The Riding Lessons
He was about six foot three, and a cachectic, one hundred twenty pounds, so it was almost comical to watch him tighten a cinch strap. Blackie had the same wispy appearance, and she stood for the procedure with all fours splayed slightly outward so he didn't tip her over with the sudden upward tugs on the cinch. "Hi, girls. Rosie's all ready to go, and I'll have Blackie set in just a minute." Mr. Kleinschmidt said to us between grunts. The rumpled cigarette that always dangled from his lips bobbed up and down as he spoke.
"There ya go, gal," he wheezed breathlessly to no one in particular. He stepped back to admire his handiwork. Blackie swung her head around to look at him and the saddle, now firmly attached to her middle.
Mr. Kleinschmidt's stable of riding horses at The Fond du Lac County Fairgrounds was a magnet to me. I loved them and stole away on Saturday mornings to visit the barn there. I was happy just to pet a velvet muzzle protruding inquisitively from a box-stall. My sister, Jeanne, on the other hand, was somewhat less than fully invested in the horse idea, and therein lies a story.
One summer in the early fifties, Mom signed us up for weekly, one-hour "riding lessons" at the stables. I had already resigned myself to the fact that I would never have my own horse, so I relished these encounters. Jeanne came along in the name of equal opportunity.
I was twelve or thirteen but Jeanne was only eight or nine. She was tall for her age and very slender. Mr. Kleinschmidt considered her tender age and under-developed musculature, and routinely had two appropriate horses saddled and ready for us to ride. Jeanne's was particularly docile and mine was never much peppier, but I was just happy for the chance to ride anything. The "lesson" consisted of the unsupervised use of a horse on the open and unfenced, 120 acre Fairgrounds on the southeast edge of town.
On that fateful afternoon, we observed the usual pleasantries before we boarded our respective mounts--me on Rosie, and Jeanne on little Blackie. They, like all of Mr. Kleinschmidt's horses, seemed to be in a state of perennial relaxation. We were "old hands" at this riding thing by that time. We had been going there for many weeks and the most we could ever manage out of our carriers was a reluctant and uninspired trot. That impression made the circumstances that followed shocking and entirely unexpected.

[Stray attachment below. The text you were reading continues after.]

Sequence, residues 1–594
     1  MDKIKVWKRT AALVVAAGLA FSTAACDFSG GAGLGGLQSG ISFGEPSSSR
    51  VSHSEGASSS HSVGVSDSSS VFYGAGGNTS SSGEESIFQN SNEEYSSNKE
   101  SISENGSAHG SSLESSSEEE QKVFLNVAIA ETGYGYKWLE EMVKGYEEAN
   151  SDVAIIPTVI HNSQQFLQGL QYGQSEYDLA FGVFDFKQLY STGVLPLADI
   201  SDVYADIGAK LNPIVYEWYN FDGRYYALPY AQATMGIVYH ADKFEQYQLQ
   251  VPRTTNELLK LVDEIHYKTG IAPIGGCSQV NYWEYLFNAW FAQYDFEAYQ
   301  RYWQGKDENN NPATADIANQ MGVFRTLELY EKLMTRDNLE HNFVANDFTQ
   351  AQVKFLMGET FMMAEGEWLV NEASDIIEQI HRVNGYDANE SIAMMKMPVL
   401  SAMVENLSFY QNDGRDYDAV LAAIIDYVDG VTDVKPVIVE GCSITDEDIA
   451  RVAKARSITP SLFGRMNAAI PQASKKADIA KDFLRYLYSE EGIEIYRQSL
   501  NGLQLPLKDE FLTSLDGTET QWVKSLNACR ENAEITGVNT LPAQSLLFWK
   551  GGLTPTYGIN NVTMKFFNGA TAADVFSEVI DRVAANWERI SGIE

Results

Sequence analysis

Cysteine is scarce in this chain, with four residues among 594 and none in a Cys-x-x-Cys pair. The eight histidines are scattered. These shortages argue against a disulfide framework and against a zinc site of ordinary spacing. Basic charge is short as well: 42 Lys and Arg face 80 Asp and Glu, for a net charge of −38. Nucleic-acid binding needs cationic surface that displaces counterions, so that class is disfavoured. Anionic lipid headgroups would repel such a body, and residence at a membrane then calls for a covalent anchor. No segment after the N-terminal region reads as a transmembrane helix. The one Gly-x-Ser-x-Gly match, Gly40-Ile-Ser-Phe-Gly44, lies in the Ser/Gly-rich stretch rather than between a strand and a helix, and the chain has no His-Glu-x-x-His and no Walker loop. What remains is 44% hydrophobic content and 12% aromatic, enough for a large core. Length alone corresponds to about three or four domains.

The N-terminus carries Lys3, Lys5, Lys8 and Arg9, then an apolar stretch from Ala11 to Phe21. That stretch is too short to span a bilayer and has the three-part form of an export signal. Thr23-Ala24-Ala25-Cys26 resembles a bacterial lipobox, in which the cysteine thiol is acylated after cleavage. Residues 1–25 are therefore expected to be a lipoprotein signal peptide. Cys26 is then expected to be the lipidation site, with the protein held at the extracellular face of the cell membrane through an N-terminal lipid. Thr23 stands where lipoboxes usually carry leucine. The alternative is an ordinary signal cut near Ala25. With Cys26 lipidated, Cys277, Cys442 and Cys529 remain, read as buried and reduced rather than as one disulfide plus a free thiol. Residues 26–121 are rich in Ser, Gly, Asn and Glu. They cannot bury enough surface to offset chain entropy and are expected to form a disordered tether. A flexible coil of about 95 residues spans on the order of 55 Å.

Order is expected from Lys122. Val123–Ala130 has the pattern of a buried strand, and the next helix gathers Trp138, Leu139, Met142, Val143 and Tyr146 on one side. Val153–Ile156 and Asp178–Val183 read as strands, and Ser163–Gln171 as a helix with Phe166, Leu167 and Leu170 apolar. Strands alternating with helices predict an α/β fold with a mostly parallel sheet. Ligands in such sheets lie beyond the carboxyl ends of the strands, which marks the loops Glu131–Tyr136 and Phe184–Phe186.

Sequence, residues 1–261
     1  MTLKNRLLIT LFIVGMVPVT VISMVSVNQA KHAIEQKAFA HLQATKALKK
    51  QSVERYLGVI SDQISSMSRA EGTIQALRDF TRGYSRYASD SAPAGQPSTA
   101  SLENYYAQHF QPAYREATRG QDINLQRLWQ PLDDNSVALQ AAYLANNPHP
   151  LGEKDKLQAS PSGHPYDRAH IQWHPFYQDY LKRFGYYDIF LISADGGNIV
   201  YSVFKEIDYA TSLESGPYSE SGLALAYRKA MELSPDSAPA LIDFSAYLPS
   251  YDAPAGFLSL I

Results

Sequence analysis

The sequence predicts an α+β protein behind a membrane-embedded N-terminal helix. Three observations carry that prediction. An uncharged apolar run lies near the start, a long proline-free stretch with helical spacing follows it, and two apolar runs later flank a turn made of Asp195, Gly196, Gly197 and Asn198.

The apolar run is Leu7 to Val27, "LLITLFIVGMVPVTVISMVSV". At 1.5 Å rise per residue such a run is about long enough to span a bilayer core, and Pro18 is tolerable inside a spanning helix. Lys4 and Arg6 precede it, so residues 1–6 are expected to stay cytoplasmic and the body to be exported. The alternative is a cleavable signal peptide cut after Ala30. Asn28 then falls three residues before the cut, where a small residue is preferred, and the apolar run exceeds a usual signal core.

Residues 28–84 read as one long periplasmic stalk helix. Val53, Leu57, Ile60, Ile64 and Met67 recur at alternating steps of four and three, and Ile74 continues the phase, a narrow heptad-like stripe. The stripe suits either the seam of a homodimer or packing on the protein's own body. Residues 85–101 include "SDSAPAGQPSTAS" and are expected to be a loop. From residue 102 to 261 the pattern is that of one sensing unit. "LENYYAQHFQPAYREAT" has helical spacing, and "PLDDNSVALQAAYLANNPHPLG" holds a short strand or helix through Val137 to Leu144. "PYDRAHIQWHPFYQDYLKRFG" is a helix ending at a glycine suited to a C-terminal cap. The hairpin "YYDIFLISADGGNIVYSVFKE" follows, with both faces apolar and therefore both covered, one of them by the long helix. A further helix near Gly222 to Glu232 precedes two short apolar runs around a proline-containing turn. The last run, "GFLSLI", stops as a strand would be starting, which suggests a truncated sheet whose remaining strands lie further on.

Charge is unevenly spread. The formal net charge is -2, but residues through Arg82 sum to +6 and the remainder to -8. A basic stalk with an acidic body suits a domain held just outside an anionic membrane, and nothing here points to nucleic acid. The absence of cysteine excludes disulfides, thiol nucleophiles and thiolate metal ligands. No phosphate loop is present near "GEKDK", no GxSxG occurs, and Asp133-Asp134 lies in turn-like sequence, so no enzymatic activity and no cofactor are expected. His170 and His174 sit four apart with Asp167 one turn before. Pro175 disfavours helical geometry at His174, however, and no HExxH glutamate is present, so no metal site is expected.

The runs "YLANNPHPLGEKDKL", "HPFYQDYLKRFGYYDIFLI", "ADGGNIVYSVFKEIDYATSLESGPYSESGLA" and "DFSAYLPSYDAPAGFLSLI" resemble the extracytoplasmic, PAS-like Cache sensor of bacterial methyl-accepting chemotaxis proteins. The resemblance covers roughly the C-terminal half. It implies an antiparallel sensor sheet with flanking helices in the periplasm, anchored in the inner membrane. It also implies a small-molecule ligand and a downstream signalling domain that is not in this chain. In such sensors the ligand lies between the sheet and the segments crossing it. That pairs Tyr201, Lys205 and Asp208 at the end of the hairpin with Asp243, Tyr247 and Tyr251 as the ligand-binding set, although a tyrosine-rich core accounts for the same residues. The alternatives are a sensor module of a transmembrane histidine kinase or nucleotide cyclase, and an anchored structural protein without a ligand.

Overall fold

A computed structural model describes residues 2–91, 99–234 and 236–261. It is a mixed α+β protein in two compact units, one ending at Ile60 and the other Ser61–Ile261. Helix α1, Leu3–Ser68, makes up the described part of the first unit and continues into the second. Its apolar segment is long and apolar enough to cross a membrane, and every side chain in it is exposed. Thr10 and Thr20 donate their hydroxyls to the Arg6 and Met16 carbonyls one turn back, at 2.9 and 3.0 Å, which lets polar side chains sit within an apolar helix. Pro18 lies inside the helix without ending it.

We moved away from the stable at a lazy walk and suspended our disbelief. We were headed into the old west under an azure blue sky. Jeanne and I were in the maze of closed fair buildings when it happened. For reasons still unknown to all involved, Jeanne's horse suddenly saw an opportunity to make a break for it.
With a degree of vigor that one would never have thought to exist by looking at the animal, her horse took off at full throttle gallop and headed for northern climes. A startled Jeanne clung to the saddle horn for dear life and screamed at a decibel level seldom appreciated in those parts, even during fair time. The latter did nothing to settle her pony, but only encouraged a renewed resolve on its part. She bounced wildly and struggled to maintain her seat aboard the horse. Blackie looked like she was in a race to perdition with legs in full stretch, her mane and tail streaming like banners in a whole force gale.
I can laugh about it now, but at the time, I envisioned my little Jeanne wandering, a stranger in Saskatoon, equipped only with a tired horse. Fortunately, the animal ran out of gas before things got that far out of hand. After it had eaten up a mile or so, it gradually slowed and, at last, came to a complete stop in a small grove of trees.
When I caught up to them, both the horse and Jeanne looked shell-shocked. The horse was sucking air through nostrils that looked big enough to pull in a tennis ball. Jeanne's fingers were frozen around the saddle horn and her hair had that "just blow-dried" look. This was probably the most excitement that horse had known for years. I know it held true for Jeanne and the rest of us.
Mom and Mr. Kleinschmidt breathlessly trotted up behind the parade and assisted Jeanne to unhorse. Both of them were beet red by the time they caught up to us, and I wondered if one or both might just have apoplexy right then and there. I wasn't sure what that was, but I had heard grandma use the term under similar circumstances.
Mr. K was muttering something to himself as he led the sweaty animal back to the barn to cool off. Mom and Jeanne headed, wobbly-legged, for the car and a secure place to sit and collect themselves. Although nobody said as much, I resigned myself to the fact that the riding lesson was over for that day. I slowly walked back to the barn and turned my "Buttermilk" over to the stable attendant. We rode home in silence and, just as I feared, we never saw Mr. Kleinschmidt, Blackie, or Rosie for riding lessons again in my hometown--Fond du Lac, Wisconsin.